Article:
Little Cleo Smith’s mother is holding out hope that the four-year-old will ‘come home to her’.
Ellie Smith made a harrowing statement about 6.20am on Thursday morning – exactly six days after she discovered her eldest daughter was missing.
‘I miss you. I love you. Please come home to me,’ the mother-of-two said.
Cleo disappeared from the family tent at the Blowholes campsite north of Carnavon in Western Australia between 1.30am and 6am on Saturday.
She, along with her mum, stepdad Jake Gliddon and baby sister Isla had only arrived for the weekend getaway hours prior.
Ms Smith has issued several pleas for her daughter’s safe return since she realised Cleo was missing, the first on her Facebook page on Sunday and the second to the media on Tuesday.
Ellie Smith made a harrowing statement about 6am on Thursday morning – exactly six days after she discovered her eldest daughter was missing
Little Cleo Smith’s mother is holding out hope that the four-year-old will ‘come home’ to her
Mounted police were called to join the search this week amid concerns that Cleo has been abducted
Early on Thursday morning, she spoke publicly again to share the missing child poster that was created by strangers and distributed widely across the nation.
The poster illustrates the red and grey sleeping bag that disappeared with Cleo along with a number to call police.
She also shared a fresh picture of Cleo enjoying a Cornetto ice-cream in a leopard print jumpsuit. Her pink scooter was visible in the background.
‘My sweet girl, come home to me,’ Ms Smith captioned the photo.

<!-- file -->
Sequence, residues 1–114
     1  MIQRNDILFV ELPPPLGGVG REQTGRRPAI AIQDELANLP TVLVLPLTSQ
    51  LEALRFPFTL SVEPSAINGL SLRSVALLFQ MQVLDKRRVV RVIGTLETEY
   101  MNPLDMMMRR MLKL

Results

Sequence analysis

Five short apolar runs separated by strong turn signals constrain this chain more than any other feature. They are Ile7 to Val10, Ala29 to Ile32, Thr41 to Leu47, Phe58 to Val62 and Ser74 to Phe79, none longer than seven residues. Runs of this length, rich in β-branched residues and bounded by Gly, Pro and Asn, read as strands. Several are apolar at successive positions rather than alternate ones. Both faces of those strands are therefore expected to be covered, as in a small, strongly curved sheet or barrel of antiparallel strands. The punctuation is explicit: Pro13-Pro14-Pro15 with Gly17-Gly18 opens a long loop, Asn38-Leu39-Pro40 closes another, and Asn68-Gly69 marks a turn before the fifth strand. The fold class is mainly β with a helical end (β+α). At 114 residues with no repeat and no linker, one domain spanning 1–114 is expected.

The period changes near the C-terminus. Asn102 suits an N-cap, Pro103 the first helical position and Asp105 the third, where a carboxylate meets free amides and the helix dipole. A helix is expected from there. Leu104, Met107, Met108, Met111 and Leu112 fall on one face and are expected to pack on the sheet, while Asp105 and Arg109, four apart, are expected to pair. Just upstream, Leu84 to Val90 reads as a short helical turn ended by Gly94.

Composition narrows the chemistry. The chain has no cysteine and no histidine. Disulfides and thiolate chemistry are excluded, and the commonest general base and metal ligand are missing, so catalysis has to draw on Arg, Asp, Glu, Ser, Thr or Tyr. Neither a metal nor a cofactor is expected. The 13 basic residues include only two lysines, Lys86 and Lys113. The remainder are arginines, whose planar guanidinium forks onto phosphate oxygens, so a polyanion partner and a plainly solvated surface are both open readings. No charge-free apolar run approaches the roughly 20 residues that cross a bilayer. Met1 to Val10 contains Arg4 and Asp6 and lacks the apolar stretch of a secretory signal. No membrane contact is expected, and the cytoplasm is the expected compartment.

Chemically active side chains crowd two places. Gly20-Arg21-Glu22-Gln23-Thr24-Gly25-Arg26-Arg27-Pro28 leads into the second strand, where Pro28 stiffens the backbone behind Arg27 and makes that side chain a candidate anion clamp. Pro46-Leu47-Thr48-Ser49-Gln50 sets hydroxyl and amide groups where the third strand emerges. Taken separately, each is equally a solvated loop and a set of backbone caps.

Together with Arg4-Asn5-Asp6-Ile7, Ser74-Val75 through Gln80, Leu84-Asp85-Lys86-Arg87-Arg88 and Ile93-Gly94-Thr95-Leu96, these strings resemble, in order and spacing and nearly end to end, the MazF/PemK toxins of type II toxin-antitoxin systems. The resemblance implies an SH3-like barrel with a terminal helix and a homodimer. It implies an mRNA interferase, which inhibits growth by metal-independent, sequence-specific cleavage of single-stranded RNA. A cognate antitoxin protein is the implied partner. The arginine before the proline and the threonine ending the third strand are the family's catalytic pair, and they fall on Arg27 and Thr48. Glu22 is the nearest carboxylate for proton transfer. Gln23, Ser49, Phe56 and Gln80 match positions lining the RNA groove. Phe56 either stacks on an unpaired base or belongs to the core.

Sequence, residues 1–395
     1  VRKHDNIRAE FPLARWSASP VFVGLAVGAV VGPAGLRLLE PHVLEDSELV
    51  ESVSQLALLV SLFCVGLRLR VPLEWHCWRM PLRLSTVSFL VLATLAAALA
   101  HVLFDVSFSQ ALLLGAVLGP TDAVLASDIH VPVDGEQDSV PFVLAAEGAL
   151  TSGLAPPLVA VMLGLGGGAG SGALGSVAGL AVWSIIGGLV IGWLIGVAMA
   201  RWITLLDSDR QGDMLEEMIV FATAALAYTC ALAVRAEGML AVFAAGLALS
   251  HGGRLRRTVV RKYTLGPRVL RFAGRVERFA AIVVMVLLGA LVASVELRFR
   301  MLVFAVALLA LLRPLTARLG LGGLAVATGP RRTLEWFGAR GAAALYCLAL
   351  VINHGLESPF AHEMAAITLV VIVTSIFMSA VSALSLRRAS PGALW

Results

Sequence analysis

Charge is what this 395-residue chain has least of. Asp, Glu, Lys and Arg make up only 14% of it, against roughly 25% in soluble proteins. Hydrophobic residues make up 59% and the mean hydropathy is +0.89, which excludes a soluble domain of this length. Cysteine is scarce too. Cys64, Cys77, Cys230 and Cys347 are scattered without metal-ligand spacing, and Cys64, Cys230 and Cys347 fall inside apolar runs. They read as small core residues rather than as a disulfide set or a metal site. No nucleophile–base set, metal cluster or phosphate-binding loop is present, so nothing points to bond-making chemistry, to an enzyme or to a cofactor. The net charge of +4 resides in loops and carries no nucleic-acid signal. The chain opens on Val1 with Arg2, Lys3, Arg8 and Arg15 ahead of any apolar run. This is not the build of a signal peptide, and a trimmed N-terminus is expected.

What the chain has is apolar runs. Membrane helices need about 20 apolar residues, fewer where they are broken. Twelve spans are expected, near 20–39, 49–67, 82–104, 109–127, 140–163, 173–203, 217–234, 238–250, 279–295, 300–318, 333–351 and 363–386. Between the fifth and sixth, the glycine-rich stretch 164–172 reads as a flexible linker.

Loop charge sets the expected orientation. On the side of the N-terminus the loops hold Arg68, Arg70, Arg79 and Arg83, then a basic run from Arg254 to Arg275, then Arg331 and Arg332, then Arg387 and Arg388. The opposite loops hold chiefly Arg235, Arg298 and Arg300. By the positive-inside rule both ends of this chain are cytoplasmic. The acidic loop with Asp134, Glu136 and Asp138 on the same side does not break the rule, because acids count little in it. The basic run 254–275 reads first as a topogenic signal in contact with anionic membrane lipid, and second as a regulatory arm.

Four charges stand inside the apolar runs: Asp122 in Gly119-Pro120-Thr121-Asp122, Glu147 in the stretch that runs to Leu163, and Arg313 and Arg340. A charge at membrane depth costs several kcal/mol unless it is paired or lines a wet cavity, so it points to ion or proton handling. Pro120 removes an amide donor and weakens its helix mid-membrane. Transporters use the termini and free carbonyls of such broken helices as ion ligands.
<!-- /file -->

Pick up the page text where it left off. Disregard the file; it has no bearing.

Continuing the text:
Cleo’s family have told detectives they will remain at the campsite, hopeful the little girl will wander back in.
But detectives fear with every passing hour, there is less of a chance they’ll find Cleo alive – or nearby.
‘Whilst time is not on our side… there have been instances in the past where even small children lost in remote areas still being found safe and well,’ acting Deputy Police Commissioner Darryl Gaunt said.
‘There’s been some rain that gives us hope that there’s water on the ground, those type of things which, you know, we take all of these things on as a positive, and we keep searching with every bit of energy that we have.’
Mother Ellie Smith and step-father Jake Gliddon (pictured) were distraught during their first press conference since the disappearance of Cleo Smith on Saturday
Detectives are preparing for the ‘nightmare scenario’ that Cleo was abducted from her tent.
They’re considering the possibility that she could have already been taken interstate, given the time that has passed.
But search crews, volunteers, local Indigenous bush trackers and mounted police returned to the campsite on Thursday.
“We will be here until we are satisfied that Cleo is not in this area,” Inspector Jon Munday said.
“We have searched thoroughly all the high probability areas that Cleo could be in this campsite. We are now extending into the further areas where Cleo could have walked herself.”
WA police have labelled the disappearance of Cleo (pictured) ‘a mystery we’re trying to unravel’
Ms Smith appeared emotional during a press conference on Tuesday while Mr Gliddon was lost for words as they recounted the last time they saw Cleo.
‘In the cases similar to this that I’ve worked on I’ve seen much more emotion from both parents. I think she’s working hard to keep it together,’ Body Language expert Traci Brown told Daily Mail Australia.
‘I heard her voice waiver a bit and that’s the only way I could tell real sadness is there. I think his stress response is to shut down so that’s what we’re seeing.’
She added the couple appeared to be ‘wired differently’ in terms of emotional responses, pointing out Mr Gliddon gave off a ‘heavy energy’ despite appearing stiff and less reactive.
‘My guess is he’s the strong silent type,’ Ms Brown said.
Both had their arms crossed, which was a sign the pair were facing ‘stress triggers’ as the pair exhibited ‘self-comforting behaviour’ during the interview.
Body language experts have weighed in on the interview analysing the gestures, tone of voice and facial expressions of the couple